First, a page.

“I went to college at the University of Houston, and it was there that I was able to use their internship program to attain a double internship at Houston’s Cox Media Group. I quit my college job at an elementary school and devoted 100% of my time to my craft with that double internship, studying under my mentors Johnny Chiang and Christi Brooks. They gave me my first big break when I was hired to join the company after I completed my internship and graduated. The rest is history!”

“Luckily, my first real job in this industry was heavily focused on social media. I even went by the moniker ‘Connected K’ for years because of my relationship with social and digital. I took on the role of an ‘online DJ’ where the relationship between what happened on the air and what happened online felt seamless. Looking back, I was essentially an ‘influencer’ for the station before that term became the norm.”

“These were the early days when radio needed to jump right in or miss the boat on social. It was just as important back then as it is today to let your listeners know you for who you really are. Most of that can be done on the air but let’s be honest… we still have to follow the rules of the FCC. Social is where we need to continue and strengthen that connection with our listeners. People crave genuine connection and if we’re already doing it on the air, we should be able to portray that on social media as well. If people connect with you in one space, they will look for you in every other space. With a strong enough social presence you should be able to loop not only listeners but clients back to the on-air product.”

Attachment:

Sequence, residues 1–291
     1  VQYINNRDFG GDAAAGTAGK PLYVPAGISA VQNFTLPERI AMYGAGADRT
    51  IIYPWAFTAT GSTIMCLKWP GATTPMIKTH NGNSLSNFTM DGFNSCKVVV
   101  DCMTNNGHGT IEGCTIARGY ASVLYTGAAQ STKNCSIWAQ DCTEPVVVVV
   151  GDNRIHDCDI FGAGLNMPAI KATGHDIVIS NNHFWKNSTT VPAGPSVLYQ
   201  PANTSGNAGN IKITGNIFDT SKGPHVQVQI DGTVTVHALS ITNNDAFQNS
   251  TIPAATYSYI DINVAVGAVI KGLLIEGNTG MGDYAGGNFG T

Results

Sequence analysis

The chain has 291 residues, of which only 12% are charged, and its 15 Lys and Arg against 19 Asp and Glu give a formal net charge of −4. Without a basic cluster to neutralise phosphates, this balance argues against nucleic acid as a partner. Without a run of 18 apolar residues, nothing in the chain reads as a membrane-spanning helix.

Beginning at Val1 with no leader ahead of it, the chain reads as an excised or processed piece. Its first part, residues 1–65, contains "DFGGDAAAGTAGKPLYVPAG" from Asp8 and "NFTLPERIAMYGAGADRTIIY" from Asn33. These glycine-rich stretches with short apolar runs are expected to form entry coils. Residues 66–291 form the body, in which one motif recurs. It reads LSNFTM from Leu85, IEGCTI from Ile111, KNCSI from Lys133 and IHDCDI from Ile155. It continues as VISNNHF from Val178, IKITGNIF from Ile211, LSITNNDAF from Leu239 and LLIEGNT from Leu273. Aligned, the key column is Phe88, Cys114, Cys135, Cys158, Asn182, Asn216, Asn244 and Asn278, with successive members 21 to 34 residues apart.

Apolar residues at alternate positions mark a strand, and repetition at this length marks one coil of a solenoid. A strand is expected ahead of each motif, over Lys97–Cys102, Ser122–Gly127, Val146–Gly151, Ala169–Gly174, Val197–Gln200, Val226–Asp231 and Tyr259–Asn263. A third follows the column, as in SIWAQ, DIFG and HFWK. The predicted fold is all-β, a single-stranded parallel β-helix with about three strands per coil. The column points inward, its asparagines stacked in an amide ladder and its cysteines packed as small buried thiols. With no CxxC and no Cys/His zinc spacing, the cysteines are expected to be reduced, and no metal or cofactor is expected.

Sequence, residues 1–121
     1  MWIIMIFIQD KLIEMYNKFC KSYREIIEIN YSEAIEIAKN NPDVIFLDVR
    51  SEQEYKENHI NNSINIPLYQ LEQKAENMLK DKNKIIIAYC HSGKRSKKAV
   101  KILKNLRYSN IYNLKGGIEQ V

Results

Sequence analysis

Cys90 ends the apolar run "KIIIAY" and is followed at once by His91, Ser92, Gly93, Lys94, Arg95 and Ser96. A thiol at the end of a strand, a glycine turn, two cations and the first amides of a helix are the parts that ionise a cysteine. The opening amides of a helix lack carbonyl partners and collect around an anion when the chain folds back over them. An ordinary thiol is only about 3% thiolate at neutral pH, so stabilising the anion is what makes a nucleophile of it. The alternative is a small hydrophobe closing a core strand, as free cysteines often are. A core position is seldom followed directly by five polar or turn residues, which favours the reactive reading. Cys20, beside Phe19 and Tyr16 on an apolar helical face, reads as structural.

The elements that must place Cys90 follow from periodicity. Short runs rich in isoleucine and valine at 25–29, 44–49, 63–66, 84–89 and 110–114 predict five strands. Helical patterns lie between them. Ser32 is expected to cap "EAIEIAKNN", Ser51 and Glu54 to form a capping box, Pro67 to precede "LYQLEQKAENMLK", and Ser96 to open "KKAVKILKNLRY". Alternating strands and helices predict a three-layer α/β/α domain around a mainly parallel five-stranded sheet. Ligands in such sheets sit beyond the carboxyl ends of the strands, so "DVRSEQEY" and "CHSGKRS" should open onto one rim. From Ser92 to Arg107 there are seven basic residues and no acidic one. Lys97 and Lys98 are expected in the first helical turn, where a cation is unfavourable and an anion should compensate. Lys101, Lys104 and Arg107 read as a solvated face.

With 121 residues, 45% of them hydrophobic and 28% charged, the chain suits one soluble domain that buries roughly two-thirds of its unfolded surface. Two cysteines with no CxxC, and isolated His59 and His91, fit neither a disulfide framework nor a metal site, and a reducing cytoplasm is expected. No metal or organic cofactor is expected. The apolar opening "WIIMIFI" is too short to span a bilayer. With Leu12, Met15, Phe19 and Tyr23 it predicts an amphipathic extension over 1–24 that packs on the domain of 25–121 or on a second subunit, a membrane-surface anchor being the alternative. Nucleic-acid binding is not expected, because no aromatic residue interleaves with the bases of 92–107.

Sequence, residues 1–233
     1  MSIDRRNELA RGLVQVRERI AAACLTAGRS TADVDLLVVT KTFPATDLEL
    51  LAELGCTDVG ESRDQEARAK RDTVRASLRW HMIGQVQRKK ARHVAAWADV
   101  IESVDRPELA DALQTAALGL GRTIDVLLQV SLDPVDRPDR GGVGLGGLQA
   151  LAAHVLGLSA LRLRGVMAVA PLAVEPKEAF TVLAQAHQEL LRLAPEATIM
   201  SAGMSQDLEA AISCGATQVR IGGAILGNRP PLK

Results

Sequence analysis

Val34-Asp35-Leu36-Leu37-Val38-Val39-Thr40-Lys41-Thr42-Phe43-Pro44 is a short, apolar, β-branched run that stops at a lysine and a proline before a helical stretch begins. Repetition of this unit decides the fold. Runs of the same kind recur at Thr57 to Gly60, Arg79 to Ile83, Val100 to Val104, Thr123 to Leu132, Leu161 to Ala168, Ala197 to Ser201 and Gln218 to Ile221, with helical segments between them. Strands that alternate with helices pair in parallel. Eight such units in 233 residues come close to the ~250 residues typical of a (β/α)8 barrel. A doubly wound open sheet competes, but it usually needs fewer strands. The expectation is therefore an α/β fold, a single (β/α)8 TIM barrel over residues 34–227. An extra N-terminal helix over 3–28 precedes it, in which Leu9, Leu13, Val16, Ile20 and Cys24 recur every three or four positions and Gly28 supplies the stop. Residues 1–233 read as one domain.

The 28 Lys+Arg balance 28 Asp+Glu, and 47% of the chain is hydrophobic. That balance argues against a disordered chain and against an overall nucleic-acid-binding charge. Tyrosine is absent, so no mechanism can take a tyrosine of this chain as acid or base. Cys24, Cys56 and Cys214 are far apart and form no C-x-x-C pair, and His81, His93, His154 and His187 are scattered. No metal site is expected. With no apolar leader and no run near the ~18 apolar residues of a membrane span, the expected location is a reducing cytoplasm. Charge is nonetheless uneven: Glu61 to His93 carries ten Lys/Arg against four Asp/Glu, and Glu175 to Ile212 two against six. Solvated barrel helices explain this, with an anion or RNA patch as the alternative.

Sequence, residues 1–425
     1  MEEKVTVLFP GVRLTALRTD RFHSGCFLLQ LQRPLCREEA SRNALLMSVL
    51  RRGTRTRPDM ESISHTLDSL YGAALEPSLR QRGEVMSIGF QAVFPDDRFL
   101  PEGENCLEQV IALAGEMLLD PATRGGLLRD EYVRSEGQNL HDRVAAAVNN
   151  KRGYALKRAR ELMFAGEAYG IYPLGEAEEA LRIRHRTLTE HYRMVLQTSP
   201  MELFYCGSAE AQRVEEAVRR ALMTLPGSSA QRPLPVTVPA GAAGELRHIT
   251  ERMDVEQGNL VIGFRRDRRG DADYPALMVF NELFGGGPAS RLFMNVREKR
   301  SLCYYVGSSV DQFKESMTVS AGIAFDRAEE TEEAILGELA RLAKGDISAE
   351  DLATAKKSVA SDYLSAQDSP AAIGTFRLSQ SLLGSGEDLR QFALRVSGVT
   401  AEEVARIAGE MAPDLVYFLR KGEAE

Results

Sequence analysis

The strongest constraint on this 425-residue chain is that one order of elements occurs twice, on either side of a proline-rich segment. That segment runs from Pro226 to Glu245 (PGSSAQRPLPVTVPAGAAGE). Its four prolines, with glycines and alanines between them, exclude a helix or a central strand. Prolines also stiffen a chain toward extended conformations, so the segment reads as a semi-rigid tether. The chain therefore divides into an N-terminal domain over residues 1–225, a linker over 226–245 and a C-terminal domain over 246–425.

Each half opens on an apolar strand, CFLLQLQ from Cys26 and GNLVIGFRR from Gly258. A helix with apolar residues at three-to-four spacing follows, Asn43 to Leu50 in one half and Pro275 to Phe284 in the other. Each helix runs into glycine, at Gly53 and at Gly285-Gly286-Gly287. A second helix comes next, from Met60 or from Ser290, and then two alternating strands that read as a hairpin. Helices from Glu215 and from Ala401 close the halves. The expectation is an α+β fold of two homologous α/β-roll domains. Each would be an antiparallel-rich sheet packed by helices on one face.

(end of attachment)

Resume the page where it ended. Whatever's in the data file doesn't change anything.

“There have been a few key moments in my career over the years and honestly, most of them center around sharing the most exciting moments of my life with my listeners on the air,” says Maida.

“We share so much of our lives with them, private and not. They were there when we called my boyfriend at the time, live on the air, to make things Facebook ‘official.’ They were there when I went off to marry that same man a few years later and they were there through the announcement and birth of my first child. We got country artist Lee Brice to join us on the air to share the surprise announcement that our first boy was on the way which fit perfectly with his song ‘Boy’ at the time.”

“Then last month I got the help of another country artist, Parker McCollum, to join me in surprising not only my co-hosts but our listeners with the news of baby number two on the way! So much of our lives are shared with our audience. The vulnerability and humility that is required in our career can sometimes be scary, but not when I get to share life’s most precious moments with them.”

“I also rode a camel down a racetrack one too many times at the local horse racetrack and I’m here to tell you it is easily one of the most exhilarating things you will ever do. Don’t ever pass up the chance.”